Brown stated that the interactions at these tents will go past just handing someone a card with information, they will get a direct link to care and even be able to talk to someone day of, such as the therapists who will be there from Mazzoni Center and Therapy Center of PA.
There will be over 200 vendors for participants to check out that range from small businesses to nonprofits and schools.
Two of the added sections are Bailar Con Amor (To Dance With Love) and Vice. Bailar Con Amor was developed by Jorian Rivera-Veintidos, P.O.P. program manager, as an “an ode to Afro-Latinx culture and dance.” AL DÍA will have a booth in this section.
Vice is in memory of Maso, one of the organizers of last year’s Pride festival. It will have resource tables and shops.
Details about all of the sections can be found here.
Some of the changes came from feedback the group received. This includes moving the Decompression Zone to a quiet street that’s adjacent to the festival and changing entry to it.
“It’ll be a soft entry, a controlled entry so we can maintain the integrity of that space. So no one’s going to walk down with a boombox. Or go down there with a cigarette and start smoking because it’s a smoke free space,” Brown explained.
They added that the Youth and Family section will have similar infrastructure for a similar reason as things like smoking and alcohol won’t be allowed in it.
Ebony Ali, the S.P.L.A.T. program manager, who is in charge of this section described it as “essentially a family and youth wonderland.”
“We’re going to have bounce houses, we have dunk tanks, we’re going to have a show, we’re going to have Drag Story Hour. Free Mom Hugs will be there,” Ali explained.
Ali added that there will be a clown on stilts and cotton candy, as well.
“It’s basically going to be a big carnival,” they said.
There will also be four times the amount of food trucks available.
“This year we actually have like 20 food trucks, in comparison to last year where we were running up to it and we only have like 5,” they said.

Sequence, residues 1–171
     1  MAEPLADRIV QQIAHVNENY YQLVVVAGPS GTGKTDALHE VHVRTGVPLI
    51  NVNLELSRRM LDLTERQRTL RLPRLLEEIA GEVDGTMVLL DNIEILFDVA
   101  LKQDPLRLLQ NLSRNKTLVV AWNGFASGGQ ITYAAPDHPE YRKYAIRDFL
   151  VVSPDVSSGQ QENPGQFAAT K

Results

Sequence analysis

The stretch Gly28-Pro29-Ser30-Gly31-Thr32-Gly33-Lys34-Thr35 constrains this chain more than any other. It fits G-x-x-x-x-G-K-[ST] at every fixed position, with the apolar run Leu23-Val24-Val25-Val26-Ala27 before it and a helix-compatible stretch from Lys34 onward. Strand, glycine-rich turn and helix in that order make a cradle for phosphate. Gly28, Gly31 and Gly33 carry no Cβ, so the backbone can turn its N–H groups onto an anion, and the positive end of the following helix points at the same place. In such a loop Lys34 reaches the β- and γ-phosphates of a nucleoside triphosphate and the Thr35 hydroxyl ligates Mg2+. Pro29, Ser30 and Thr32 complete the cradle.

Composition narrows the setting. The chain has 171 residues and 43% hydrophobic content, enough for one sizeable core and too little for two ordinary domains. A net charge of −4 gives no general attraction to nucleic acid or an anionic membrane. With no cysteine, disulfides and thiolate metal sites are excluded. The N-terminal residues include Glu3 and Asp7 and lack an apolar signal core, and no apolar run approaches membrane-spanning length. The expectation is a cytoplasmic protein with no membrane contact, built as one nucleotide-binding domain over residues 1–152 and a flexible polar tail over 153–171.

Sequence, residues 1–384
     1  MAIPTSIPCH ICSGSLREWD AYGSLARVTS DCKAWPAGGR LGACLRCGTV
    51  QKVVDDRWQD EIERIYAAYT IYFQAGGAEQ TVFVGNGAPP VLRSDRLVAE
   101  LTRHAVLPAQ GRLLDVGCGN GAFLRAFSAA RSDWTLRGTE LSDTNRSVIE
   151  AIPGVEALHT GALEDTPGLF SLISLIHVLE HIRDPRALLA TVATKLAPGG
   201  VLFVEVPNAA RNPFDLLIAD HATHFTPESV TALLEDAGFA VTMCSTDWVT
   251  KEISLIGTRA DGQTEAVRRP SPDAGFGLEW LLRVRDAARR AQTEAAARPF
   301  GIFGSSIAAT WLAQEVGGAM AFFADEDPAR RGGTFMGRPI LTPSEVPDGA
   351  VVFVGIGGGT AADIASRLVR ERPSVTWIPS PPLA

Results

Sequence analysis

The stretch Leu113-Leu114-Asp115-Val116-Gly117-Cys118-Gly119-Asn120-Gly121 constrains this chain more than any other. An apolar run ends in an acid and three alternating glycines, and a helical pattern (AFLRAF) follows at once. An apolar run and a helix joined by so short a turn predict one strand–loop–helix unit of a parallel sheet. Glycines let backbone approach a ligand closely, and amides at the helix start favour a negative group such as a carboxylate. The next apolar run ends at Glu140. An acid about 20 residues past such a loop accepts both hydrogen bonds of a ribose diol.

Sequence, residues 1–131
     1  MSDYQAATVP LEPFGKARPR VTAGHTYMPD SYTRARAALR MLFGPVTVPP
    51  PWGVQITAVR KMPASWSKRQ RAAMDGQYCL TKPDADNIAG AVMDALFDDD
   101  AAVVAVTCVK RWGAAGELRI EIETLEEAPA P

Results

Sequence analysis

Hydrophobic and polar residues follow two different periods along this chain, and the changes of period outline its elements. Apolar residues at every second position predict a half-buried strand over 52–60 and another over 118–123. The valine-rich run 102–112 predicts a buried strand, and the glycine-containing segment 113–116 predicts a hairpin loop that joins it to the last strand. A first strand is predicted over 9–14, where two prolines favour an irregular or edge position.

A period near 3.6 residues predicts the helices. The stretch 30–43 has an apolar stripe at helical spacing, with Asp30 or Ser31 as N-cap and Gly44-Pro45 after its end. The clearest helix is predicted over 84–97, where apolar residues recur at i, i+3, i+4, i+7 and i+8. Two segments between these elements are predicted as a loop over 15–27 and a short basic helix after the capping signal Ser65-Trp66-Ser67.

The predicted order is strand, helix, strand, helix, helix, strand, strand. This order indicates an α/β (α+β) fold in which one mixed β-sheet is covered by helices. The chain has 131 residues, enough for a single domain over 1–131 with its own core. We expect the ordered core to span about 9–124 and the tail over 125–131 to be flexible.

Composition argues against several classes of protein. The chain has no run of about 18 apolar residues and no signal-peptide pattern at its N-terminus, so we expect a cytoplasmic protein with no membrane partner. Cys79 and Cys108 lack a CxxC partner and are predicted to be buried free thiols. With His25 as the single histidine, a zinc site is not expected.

The fifth truck ended up being a friend of Brown’s from the Masala Kitchen who was able to get their (food truck) license just in time. Masala Kitchen will be back this year, too.
Brown explained that the lack of options for food at the festival last year caused people to have to go a ways away from the event to find something to eat, possibly ending some people’s time there prematurely. This is something they would like to avoid this time around.
The festival will be staffed by around 200 volunteers, all trained and coordinated by Hazel Edwards, T.I.N.G.S. program manager.
Pride 365 was formed this year to create programming for the community at large, with a focus on people of color.
Each one of the events under Pride 365 will be a resource festival with the goal of bringing direct resources to people.
“There’s also the tacit resource. When you have a huge resource festival one of the most unspoken rules about it is the community aspect of us being together and how that is an implicit form of protection, it’s an implicit form of organizing, and it is a resource,” explained Brown.
Another part of the program’s goal is to help people find other organizations in the city that they would benefit from, but may not have known existed.
Two such events taking place the weekend after the festival are the Alternative Proms, one for ages 16 to 20 and one for people who are 21+. The 21+ event will take place at the Philadelphia Museum of Art on Saturday, June 10 from 9 p.m. to 12 a.m. The 16 to 20 event will take place at the same location and date from 6 p.m. to 9 p.m. Tickets for it can be found here.
Registration for the age 16 to 20 event can be found on GALAEI’s website.